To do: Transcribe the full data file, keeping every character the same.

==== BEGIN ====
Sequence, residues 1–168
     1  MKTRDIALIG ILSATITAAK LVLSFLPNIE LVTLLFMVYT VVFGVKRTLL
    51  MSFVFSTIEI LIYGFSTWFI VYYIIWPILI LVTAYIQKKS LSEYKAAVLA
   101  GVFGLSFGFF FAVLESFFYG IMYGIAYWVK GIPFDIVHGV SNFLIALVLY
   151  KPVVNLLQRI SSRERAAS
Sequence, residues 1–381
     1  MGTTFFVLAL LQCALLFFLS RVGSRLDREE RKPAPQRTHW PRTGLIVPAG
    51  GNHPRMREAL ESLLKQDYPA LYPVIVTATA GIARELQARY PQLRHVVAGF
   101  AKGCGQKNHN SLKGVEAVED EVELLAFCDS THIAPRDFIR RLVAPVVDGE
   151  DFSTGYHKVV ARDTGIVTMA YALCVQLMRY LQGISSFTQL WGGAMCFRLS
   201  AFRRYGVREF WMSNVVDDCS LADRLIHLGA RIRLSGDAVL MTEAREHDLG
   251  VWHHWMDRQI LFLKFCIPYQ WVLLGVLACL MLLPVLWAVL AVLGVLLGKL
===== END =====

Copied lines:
Sequence, residues 1–168
     1  MKTRDIALIG ILSATITAAK LVLSFLPNIE LVTLLFMVYT VVFGVKRTLL
    51  MSFVFSTIEI LIYGFSTWFI VYYIIWPILI LVTAYIQKKS LSEYKAAVLA
   101  GVFGLSFGFF FAVLESFFYG IMYGIAYWVK GIPFDIVHGV SNFLIALVLY
   151  KPVVNLLQRI SSRERAAS
Sequence, residues 1–381
     1  MGTTFFVLAL LQCALLFFLS RVGSRLDREE RKPAPQRTHW PRTGLIVPAG
    51  GNHPRMREAL ESLLKQDYPA LYPVIVTATA GIARELQARY PQLRHVVAGF
   101  AKGCGQKNHN SLKGVEAVED EVELLAFCDS THIAPRDFIR RLVAPVVDGE
   151  DFSTGYHKVV ARDTGIVTMA YALCVQLMRY LQGISSFTQL WGGAMCFRLS
   201  AFRRYGVREF WMSNVVDDCS LADRLIHLGA RIRLSGDAVL MTEAREHDLG
   251  VWHHWMDRQI LFLKFCIPYQ WVLLGVLACL MLLPVLWAVL AVLGVLLGKL